The College Park City Council discussed the possibility of renting office space for the city’s Seniors Program staff during a work session Tuesday night — a concept met with enthusiasm among council members, though some challenged the proposed location and costs of the space.
Staff employed by the Seniors Program — housed under the city’s Youth, Family and Senior Services Department — currently provides services such as case management to as many as 100 seniors, said Youth, Family and Senior Services Director Kiaisha Barber. They currently work out of three locations: Attick Towers and Spellman House Apartments, facilities where a large community of seniors live, and the United Methodist Church.
However, Attick Towers has indicated the city’s Housing Authority needs the space the Seniors Program staff currently occupies in the building. And at the United Methodist Church, program staff share a space with a new preschool founded by the Children’s Guild, which can ask them to vacate if needed, according to city documents.
“It’s really been a strain on the staff prior to the pandemic,” Barber said.
The rental space the city is considering for the program is located on Rhode Island Avenue, next to Gailes Violin Shop, said Barber. According to city documents, rent would come out to $1,500 per month, including utilities, snow and trash removal and more. The landlords indicated they would cover costs for outfitting the space if the city entered into a five year lease, according to the documents. Otherwise, the city would have to cover outfitting costs.
Ideally, Barber said the program would like the space to be outfitted with at least two private offices and three additional partitioned or cubicle-type work areas.
District 3 council member Robert Day questioned whether seniors would be better off than they are now if the program were housed in the rental space under consideration, rather than in the two apartment buildings where many of them currently live — Spellman House and Attick Towers are located closer to the Berwyn community, while the projected rental space is near the edge of North College Park.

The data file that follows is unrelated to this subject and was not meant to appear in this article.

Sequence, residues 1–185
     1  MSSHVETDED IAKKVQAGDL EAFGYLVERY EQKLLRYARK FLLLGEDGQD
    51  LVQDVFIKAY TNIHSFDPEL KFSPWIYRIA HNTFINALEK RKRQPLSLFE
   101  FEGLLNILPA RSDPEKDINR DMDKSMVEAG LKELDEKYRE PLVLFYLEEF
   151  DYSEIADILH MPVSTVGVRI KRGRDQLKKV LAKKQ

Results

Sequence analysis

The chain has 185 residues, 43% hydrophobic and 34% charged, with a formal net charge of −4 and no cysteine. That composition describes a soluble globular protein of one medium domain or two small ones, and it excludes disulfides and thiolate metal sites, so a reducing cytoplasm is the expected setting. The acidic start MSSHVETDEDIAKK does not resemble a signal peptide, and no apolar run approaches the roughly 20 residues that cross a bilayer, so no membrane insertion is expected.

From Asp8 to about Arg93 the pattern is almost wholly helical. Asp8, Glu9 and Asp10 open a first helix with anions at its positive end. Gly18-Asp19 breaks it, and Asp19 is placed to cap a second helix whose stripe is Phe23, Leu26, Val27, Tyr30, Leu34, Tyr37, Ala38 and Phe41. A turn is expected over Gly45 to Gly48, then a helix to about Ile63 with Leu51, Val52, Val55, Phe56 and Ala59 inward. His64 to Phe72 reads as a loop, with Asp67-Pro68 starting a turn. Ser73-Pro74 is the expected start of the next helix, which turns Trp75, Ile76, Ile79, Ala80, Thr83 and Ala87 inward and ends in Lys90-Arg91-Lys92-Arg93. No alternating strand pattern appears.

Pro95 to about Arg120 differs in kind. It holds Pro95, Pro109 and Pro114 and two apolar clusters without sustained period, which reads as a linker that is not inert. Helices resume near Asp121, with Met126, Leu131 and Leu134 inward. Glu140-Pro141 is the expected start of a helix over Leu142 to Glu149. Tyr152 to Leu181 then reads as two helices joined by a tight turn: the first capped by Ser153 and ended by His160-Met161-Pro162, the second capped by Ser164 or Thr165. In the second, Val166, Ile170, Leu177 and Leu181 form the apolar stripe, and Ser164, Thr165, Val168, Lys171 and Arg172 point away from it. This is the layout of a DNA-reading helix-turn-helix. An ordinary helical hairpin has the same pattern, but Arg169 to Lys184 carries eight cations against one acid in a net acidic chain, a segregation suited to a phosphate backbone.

But Barber said that renting a specific place for staff would be a great to expand people’s knowledge of the program while still serving the city’s seniors.
“Having a central office location or an office offsite I think would open up the availability and possibility for other residents also to utilize and come visit the staff for services,” Barber said.
Day’s colleague, District 3 council member John Rigg, agreed that having a central location for the program would be beneficial. However, he was similarly wary of the proposed site: it’s location on the city’s northern edge, he said, might make it inconvenient for people to visit. Instead, he proposed placing the program in the unused space that will be included in the new city hall.
“I’m reluctant to just go along with additional space rental, especially in the context of a compressed budget, when we have new office space that’s going to be coming online in the next year in City Hall,” Rigg said.
Responding to Rigg’s concerns, Interim City Manager Bill Gardiner noted that the currently unused space in the city hall would likely become occupied in the future as the city’s administration grew. A downtown location on the second floor for senior services also didn’t seem beneficial, he added.
Barber agreed, saying downtown College Park wouldn’t be the most ideal place for senior services to be offered, and mentioned that the location the city is considering has wheelchair access in the back of the building.
District 1 council member Fazlul Kabir said that the council has to consider the fact that — unlike many others — the city’s senior services staff cannot work from home. They have to travel within the city to provide services, which has become more difficult with the pandemic, Kabir said.
Newly elected District 2 council member Llatetra Brown Esters acknowledged that coordinating work across three separate locations seemed difficult. Still, she noted the city’s need to be fiscally responsible and supported looking into other avenues, such as a shorter lease time frame.
District 4 council member Maria Mackie and District 1 council member Kate Kennedy also raised concerns that the new space wouldn’t allow for the seniors program to grow, though Barber said growth would still be possible in the proposed office.
City Attorney Suellen Ferguson, meanwhile, said the city could consider negotiating a shorter rental period for the space. The council decided to discuss the office further in the future as more information becomes available.
“It’s exciting to think about the future and I think this could be a bridge to something even greater with the Youth, Family and Senior services programs,” Mayor Patrick Wojahn said.